He has yet to tell the media or public that his friendship ended with Michael once he stole money from Michael’s “Heal the World” charity in 2001. Sad, Michael will still be defamed by those parading around as his “friends” to the media. I guess Rabbi needs to keep pedaling bullshit since his book on MJ isn’t selling.

    This Friday marks one year since the passing of Michael Jackson. His legacy remains highly controversial. On one side there are ardent fans who consider him the central inspiration of their lives. On the other there are strident critics who believe he was hopelessly weird with an unhealthy interest in children. In the middle are those who simply love his music and miss his talent.

    The truth about Michael as I knew and understood him was something else entirely. Michael Jackson forever remained the broken boy who yearned for a normal childhood but was thrust reluctantly into a spotlight that slowly became addictive. Immersed in a celebrity culture rife with human corruption, he yearned to be innocent. Starved of affection, he spent his life looking for love but ultimately settled for attention. Surrounded by sycophants who indulged his every unhealthy whim, he longed to find an authentic and spiritual environment. And trapped in a cocoon of incarcerating fame, he craved to consecrate his celebrity to a cause larger than himself.

    The tragedy of his life was his failure to achieve these noble aims. Michael knew that G-d had given him a special gift and with it the power to ‘heal the world, make it a better place.’ He understood the responsibility of celebrity and was devastated as his was slowly transformed into notoriety. He hated to be hated and was crushed by the chasm between what he saw as his sincere intentions to do good verses the uncharitable public perception of him as a shallow materialist.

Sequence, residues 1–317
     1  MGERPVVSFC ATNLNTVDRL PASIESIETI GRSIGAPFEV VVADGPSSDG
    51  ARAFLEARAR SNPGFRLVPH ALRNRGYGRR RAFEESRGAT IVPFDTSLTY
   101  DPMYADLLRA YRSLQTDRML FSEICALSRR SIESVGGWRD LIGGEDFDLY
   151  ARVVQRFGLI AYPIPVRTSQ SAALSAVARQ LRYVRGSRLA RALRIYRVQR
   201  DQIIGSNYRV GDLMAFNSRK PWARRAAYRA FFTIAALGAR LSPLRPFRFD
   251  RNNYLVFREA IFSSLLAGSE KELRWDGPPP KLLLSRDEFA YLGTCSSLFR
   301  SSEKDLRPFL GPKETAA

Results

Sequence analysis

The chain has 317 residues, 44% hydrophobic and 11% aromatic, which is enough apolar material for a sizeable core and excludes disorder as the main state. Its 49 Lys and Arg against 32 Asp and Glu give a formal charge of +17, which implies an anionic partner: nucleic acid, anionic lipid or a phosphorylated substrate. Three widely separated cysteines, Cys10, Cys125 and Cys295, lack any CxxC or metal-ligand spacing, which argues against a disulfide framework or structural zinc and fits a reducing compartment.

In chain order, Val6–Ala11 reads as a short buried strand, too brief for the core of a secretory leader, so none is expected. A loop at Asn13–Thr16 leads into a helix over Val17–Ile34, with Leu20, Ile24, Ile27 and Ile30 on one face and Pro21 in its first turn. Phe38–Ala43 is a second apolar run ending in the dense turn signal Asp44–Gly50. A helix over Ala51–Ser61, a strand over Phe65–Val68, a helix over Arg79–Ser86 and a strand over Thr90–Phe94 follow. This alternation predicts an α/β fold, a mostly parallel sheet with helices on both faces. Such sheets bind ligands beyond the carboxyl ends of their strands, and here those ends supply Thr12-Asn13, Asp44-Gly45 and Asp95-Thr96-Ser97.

Once, in the midst of the thirty hours of recordings we did together for publication in a book that would allow Michael to speak directly to the public, he revealed how defamatory his celebrity had become. “You get tired and it just wears you down. You can’t go somewhere where they don’t manipulate what you do and say, that bothers me so much, and you are nothing like the person that they write about, nothing. To get called Whacko, that’s not nice. People think something is wrong with you because they make it up. I am nothing like that. I am the opposite of that.”

    Polite to a fault, he was a soft and gentle soul who prided himself on being different to other celebrities. Whereas they partied in nightclubs, Michael loved being around ordinary families. Where they put, as Michael said, needles in their arms, he was a vegetarian who wouldn’t be caught dead with a street drug. And where they, as Michael maintained, engaged in tawdry relationships, Michael preferred the company of innocent kids.

    What he could not see was that overindulging in medication prescribed by a doctor was just as destructive as a street drug and was motivated by the same celebrity emptiness. He was also oblivious to his own excess when it came to kids. It was one thing to show kindness and friendship to children. It was another thing entirely to invite them into your bed.